- The WebP files do not get assigned a valid Mime Type as WordPress does not know what they are and for some reason the image compression plugin does not use the “mime_types” filter to add it. This potentially causes issues for WP Offload Media as if (1) is somehow fixed and it tries to offload the new
.webpfile, WordPress will not supply a mime type that can be set on the new object, and Amazon S3 and other services will therefore reject the file.
Let’s see if EWWW Image Optimizer also suffers from these problems.
The Test Site
To test serving WebP files via WP Offload Media I spun up a clean install of WordPress on a DigitalOcean droplet that I use for testing, cleaned out the example posts and pages etc, switched the theme to the stock TwentySixteen theme (I’ve never liked the look of TwentyNineteen), and applied a couple customizations.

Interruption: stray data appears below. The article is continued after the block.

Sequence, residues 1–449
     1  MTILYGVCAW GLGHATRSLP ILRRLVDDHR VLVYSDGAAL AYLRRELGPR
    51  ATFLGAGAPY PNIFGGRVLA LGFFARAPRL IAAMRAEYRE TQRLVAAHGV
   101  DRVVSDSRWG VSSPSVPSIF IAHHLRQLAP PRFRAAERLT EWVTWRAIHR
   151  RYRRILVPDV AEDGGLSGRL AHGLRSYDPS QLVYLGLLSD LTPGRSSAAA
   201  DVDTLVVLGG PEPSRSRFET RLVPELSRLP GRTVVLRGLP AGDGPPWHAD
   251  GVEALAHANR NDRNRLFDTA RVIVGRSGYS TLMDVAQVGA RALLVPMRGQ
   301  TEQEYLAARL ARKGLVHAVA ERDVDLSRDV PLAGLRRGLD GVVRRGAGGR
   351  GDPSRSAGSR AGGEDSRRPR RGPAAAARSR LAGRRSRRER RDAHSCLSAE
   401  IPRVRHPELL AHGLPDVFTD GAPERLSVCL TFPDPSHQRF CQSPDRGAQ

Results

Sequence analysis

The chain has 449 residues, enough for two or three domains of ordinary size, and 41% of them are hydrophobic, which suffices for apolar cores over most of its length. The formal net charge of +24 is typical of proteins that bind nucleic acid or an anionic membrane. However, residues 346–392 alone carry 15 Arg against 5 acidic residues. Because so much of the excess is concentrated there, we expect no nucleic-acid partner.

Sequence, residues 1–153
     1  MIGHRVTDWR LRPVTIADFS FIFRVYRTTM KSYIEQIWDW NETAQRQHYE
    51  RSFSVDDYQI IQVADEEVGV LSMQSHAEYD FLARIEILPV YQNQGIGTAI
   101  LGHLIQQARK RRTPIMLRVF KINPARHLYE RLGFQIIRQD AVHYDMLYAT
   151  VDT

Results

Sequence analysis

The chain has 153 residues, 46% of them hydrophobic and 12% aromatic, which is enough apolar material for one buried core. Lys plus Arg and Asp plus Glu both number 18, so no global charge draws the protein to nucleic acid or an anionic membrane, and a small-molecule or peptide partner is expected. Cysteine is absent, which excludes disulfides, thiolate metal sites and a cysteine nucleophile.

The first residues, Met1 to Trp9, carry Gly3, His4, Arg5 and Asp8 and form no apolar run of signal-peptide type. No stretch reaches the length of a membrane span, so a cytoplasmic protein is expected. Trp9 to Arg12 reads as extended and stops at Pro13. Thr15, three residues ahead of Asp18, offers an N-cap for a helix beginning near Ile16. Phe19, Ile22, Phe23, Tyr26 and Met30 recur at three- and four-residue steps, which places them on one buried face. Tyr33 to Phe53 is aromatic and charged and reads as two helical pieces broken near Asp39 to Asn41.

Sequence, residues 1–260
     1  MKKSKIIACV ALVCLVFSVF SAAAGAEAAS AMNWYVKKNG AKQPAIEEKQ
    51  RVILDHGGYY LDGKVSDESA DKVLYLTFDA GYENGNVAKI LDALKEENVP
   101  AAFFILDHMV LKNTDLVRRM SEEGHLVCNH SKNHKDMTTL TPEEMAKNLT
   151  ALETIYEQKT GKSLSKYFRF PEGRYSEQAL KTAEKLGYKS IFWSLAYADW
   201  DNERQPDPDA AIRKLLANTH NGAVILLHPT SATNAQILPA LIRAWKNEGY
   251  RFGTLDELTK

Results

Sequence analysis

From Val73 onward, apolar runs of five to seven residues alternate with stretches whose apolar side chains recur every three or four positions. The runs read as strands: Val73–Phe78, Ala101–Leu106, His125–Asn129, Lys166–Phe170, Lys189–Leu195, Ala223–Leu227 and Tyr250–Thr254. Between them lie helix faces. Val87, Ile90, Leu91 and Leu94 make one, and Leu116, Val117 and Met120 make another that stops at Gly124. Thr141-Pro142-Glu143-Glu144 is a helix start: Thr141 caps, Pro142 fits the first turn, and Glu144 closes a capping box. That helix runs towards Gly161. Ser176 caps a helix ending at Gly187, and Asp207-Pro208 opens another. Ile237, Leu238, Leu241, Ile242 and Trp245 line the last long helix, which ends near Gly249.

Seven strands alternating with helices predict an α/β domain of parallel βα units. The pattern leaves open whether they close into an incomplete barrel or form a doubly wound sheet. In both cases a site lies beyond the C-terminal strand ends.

I then added 10 relatively lightweight images originally downloaded from Unsplash and created a super simple post with a single image block and a gallery block.
I opened up the devtools console in Firefox and refreshed the site a few times while keeping the “Disable cache” checkbox enabled. This gave me a rough idea of the total bytes transferred and how long the page might take to load for a new visitor to the site.
In the screenshot below you can see that the total bytes transferred on this occasion was “1.2 MB” out of “1.44 MB”, and a load time of 770ms, so that’s our baseline set.
Setting Up EWWW Image Optimizer
I decided to install EWWW Image Optimizer first to ensure that image optimization and WebP file generation was working well before adding offloading to the mix. It was dead easy.
From the usual “Add Plugins” page in the WordPress admin area I searched for “ewww” and simply hit the “Install Now” button for “EWWW Image Optimizer”, then activated it as normal.
I then went to its settings page and clicked on the “WebP” tab.
I checked the “JPG/PNG to WebP” option and hit the “Save Changes” button.
Alas, this resulted in the following warning about needing Apache rewrite rules for WebP to work.